“Don’t take your work home with you.” This is an expression that we hear all of the time. Perhaps someone has written this on an advice card at your bridal shower. Maybe your mother-in-law has said it to you before. Somehow, someway, I’m sure you’ve heard it. “Don’t take your work home with you,” we’ve heard time and time again as an ongoing, lifelong suggestion that prevents you from arguing with your spouse, and encourages you to maintain a life of your own.
However, let’s take a moment to consider the teachers…While we’re at it, let’s take another moment to consider the English teachers, the ones who assign literary analysis papers, annotations, 4-5 page argumentative or persuasive essays, short stories, creative writing assignments, etc, etc, etc, etc. It literally never ends.
So, I invite you to consider how (English) teachers can refrain from taking their work home with them. Lord and administration both know that 1-2 prep periods a day are in no way, shape, or form, enough time to effectively grade and provide feedback for the students. It is impossible for us not to take our work home with us. This has proven to be so stressful. When my boyfriend wants to cuddle and watch a movie, I’m writing my own papers, grading their papers, shaking my head and becoming increasingly frustrated by some of the careless mistakes that I’ve cautioned against over and over. However, there are proud moments too, when you see the improvement, the progression, the surprises, the ah-has, when the students finally get it. It’s a beautiful job, but one that requires dedication outside of the normal work hours.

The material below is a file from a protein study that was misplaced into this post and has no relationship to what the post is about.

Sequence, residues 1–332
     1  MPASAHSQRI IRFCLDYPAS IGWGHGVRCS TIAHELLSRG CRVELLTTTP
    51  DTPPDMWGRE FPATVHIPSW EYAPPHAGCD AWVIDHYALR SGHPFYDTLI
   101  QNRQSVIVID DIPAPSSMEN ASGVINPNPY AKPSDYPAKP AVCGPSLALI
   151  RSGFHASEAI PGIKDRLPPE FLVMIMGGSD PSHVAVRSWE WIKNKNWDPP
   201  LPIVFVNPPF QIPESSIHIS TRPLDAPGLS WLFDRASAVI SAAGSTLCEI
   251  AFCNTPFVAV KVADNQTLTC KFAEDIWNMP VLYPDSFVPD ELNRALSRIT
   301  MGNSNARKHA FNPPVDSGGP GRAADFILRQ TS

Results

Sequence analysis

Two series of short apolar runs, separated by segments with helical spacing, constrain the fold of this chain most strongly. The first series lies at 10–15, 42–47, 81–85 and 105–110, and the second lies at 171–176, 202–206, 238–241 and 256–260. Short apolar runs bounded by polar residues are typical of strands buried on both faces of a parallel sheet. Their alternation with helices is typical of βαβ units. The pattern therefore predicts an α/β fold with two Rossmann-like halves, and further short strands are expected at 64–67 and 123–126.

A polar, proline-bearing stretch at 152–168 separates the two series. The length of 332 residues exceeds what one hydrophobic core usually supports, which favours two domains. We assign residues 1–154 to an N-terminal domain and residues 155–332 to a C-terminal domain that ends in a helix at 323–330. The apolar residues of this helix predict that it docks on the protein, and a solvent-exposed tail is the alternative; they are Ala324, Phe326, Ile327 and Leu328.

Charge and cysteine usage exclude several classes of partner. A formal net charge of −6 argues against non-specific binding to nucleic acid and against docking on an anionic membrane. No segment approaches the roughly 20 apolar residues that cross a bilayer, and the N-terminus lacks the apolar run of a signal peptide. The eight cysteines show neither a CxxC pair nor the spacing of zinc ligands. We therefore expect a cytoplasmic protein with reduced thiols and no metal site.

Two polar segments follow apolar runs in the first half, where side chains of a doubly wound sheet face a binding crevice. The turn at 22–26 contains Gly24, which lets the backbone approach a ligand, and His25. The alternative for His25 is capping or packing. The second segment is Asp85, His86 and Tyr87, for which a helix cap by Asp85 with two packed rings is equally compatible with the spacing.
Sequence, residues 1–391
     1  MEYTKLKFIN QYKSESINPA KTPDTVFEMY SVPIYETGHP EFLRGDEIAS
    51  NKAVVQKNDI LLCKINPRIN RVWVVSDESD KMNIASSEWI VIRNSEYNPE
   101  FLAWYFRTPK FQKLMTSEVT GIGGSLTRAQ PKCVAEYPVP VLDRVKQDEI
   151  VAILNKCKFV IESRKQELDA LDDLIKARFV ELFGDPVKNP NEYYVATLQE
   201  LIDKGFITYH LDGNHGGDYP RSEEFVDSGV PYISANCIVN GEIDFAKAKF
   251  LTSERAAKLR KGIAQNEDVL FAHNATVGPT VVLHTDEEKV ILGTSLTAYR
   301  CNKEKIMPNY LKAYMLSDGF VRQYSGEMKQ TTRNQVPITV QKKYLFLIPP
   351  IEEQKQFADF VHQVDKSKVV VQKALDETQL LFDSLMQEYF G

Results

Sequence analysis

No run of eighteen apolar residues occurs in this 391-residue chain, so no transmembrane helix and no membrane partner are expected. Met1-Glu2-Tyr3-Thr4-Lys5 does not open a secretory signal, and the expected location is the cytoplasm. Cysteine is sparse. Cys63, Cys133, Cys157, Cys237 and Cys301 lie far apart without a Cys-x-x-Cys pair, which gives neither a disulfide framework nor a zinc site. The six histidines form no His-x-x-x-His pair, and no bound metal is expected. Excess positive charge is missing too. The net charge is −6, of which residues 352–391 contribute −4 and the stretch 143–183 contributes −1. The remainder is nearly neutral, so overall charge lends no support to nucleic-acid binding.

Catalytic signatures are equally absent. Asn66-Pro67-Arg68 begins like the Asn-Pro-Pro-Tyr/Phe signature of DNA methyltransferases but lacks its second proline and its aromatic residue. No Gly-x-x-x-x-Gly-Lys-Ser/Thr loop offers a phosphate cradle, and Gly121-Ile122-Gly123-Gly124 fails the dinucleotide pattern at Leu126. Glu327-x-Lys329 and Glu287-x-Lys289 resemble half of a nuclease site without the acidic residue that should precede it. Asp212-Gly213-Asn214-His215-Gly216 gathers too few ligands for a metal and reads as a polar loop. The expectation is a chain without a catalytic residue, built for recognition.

My question to fellow English teachers is this, how do you maintain your own life, your own sense of self as you become lost in the stacks and folders? How do you put time into your relationship when you’re consumed with work responsibilities during off-hours that are meant to be spent with the ones you love? We don’t have the luxury of taking our sweet time in returning graded work to the students. Returning work in a timely manner is something I really believe in, yet I’m struggling to find balance between my work life and personal life. Livelihood versus livelihood, think about that for a second.